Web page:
2017 Education Fund Grant Applications Open

Applications are open for the 2017 Jerald Bridgman Education Fund Grants. These grants (up to $1000) are intended to support educational initiatives to encourage public awareness of food traditions, stewardship of the environment, and responsible care, harvesting, and consumption of plants and animals in the Pikes Peak region while meeting the Slow Food mission of “Good, clean, fair food for all”.  Residents of the Pikes Peak Region (Douglas, El Paso, Fremont, Pueblo, Teller counties) are encouraged to apply for 2017 grants. Awards will be announced by June 1, 2017 and are expected to be used before May 30, 2018.

Details are included in the application form at: 2017 Jerald Bridgman Education Fund Application

Send completed applications to pikespeakco@slowfoodusa.org by March 31st of 2017. Please forward questions to pikespeakco@slowfoodusa.org.

Delegates Reflect on Terra Madre 2016

We are planning a community potluck event to hear about the experiences of our three Slow Food USA delegates to Terra Madre 2016 – Doug Wiley, Kim Wiley, and Sophie Javna.   This event will be held on January 18th at 6:00 pm.  Come at 6 pm to socialize, the meal will start at 6:30 and the presentations at 7 pm.   This event is Free but please RSVP if you plan to attend

Please bring a finger food to share, and your beverage of choice.  Sette Dolori Winery will be offering wine tastings and is offering special pricing at this event if you would like to buy some wine to share there or take home to enjoy.  To make sure you get the wine you want, you can pre-order by e-mailing Tim Biolchini at tbiolchini@settedolori.com.

Directions to the venue:

Exit I-25 at Fillmore and go west crossing Centennial and past Coronado HS to Mesa Road.  Turn right on Mesa and take the first left into La Posada del Sol.  The Clubhouse is straight ahead.  Beware of a severe dip entering the parking lot  If the parking lot is full there is on-street parking on one side of the street only.  The other side is marked by no parking signs. Do not park in spaces designated for residents.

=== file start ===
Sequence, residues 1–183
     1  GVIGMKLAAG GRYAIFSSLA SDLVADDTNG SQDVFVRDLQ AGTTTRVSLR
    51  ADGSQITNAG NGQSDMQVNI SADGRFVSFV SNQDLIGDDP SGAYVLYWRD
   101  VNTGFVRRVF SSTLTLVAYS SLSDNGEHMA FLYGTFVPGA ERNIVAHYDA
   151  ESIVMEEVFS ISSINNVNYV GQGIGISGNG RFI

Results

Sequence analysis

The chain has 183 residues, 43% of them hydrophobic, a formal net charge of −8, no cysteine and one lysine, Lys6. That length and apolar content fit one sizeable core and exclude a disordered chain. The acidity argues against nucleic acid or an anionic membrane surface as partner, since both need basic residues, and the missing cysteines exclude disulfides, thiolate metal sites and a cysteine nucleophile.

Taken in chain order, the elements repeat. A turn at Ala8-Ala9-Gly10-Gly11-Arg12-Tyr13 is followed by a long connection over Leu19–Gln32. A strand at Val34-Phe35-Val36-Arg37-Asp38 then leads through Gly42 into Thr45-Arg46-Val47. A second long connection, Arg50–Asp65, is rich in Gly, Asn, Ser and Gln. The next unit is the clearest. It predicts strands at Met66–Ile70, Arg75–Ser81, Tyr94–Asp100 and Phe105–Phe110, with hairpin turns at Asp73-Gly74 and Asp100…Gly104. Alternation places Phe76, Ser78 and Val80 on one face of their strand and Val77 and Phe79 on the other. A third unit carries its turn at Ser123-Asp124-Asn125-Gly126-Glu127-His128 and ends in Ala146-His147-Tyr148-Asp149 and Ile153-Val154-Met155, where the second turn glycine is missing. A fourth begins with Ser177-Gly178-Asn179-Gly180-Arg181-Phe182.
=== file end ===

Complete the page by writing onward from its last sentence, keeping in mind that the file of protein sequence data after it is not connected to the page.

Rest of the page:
CFAM Winter Markets

The Winter Colorado Farm and Art Markets start Sunday, January 15.  The markets are from 11 am to 2 pm every 3rd Sunday through May.  They are being held at Cottonwood Center for the Arts, 427 E Colorado.

Below are the dates of all of the markets:

  • January 15  11-2
  • February 19  11-2
  • March 19  11-2
  • April 16  11-2
  • May 21  11-2

Please support Colorado Farm and Art Market during the winter as well as during the summer.  Hope to see you there.

Prospect Farm Harvest Festival this Sunday

There is a Harvest Festival at Prospect Farm this Sunday so make sure to stop in if you can. And if you get a chance, say “Hi” to Sophie Javna, one of our Slow Food Pikes Peak delegates to Terra Madre Salone de Gusto in about two weeks.

And if you want to support Sophie on her journey, you can donate at: https://www.generosity.com/community-fundraising/send-pikes-peak-food-leaders-to-terra-madre.

For details, see this Harvest Fest Flyer

Join or Renew Your Slow Food USA membership

The plight of our biodiversity is more urgent than ever: In the last century, we lost 95 percent of our agricultural biodiversity in the United States.

Help us define the next century as 100 Years of Plenty. Our Ark of Taste activists are planting the seeds of change every season. Support this biodiversity work with your donation today. For the month of June, any donation makes you a member of Slow Food USA.

If you or someone you know wishes to become a Slow Food USA member or renew their membership, now is a good time to do that.  Go to Slow Food USA and find out how.

Long Read on Modern British Agriculture and BREXIT Sheds Light on Global Issues

I know that it is hard to set aside the time, but if you read one article on change in globalized agriculture this month, this London Review of Books article on BREXIT and British Agriculture is masterful. Just go read it now.

I don’t know how best to summarize, but it puts a very human face on farmers while situating them in imperial history and global forces of modern agriculture practice.  Finding ways to be good to the earth and to respect those who raise food is critical if we are to find our way to the good, clean, and fair food system we need. This article exemplifies a compassionate and inquiring approach we can all hope to emulate.

If we want change we will have to find ways to make food work respectable, profitable, and environmentally sound. We can all work on that.